7 Potential Health Benefits of Cauliflower

fCulflower has made a big comeback in recent years. While you can roast or steam for a quick and tasty way to get your veggies, you can also get pretty creative with it. From cauliflower wings to cauliflower rice, this cruciferous vegetable can replace just about anything—even down to cauliflower steaks and pizza crusts. It’s low in calories, carbs and fat, so it’s easy to see why it’s popular among keto dieters and people with diabetes looking for low carb food options.

The recognizable white cauliflower is not the only option, however. There are purple, orange and green varieties, thanks to the different pigments (which are usually also antioxidants, so vary the colors for more nutrients). Regardless of the shade, all cauliflowers tend to have a similar taste – sweet and nutty with a slight sweetness. You can eat it raw or cooked, which has a slight effect on the taste. Raw cauliflower is slightly more bitter than its cooked counterpart.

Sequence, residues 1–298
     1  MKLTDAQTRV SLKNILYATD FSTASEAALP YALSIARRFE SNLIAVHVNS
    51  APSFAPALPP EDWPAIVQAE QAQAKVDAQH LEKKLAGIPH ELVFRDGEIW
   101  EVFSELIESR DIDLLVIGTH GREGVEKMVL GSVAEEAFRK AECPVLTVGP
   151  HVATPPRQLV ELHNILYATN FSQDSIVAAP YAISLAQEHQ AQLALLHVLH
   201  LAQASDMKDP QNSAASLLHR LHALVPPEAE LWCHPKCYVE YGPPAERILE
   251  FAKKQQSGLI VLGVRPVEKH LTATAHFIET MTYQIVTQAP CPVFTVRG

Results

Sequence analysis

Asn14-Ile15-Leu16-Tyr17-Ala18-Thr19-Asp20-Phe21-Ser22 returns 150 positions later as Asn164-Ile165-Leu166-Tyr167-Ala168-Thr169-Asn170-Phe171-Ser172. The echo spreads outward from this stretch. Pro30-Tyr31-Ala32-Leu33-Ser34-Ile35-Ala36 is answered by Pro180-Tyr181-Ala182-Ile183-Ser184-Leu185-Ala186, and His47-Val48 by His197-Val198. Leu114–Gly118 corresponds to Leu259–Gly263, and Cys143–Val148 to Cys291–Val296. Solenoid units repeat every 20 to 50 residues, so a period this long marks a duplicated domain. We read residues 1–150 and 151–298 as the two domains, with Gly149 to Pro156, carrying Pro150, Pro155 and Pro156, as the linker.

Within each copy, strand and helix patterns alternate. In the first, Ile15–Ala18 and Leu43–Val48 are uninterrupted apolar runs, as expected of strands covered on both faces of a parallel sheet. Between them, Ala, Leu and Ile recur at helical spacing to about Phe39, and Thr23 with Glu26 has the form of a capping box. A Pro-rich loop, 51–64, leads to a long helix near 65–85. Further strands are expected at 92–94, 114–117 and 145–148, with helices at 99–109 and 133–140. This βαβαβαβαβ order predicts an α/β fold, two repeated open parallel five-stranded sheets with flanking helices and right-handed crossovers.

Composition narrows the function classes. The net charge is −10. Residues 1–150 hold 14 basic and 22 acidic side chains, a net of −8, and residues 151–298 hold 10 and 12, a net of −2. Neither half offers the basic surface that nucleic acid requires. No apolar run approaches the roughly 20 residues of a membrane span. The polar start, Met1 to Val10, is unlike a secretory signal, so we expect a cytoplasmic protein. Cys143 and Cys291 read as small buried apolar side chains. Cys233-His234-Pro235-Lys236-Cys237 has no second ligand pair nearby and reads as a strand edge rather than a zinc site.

Like most produce, cauliflower is best enjoyed when it’s in season, which is during the fall months, according to United States Department of Agriculture (USDA). But don’t let that stop you from picking cauliflower the rest of the year—it’s easily found in the freezer section of most grocers year-round.

Taste and versatility aren’t the only reasons to add cauliflower to your regular meal plan. Cauliflower is also rich in numerous health benefits. Here are seven more to consider.

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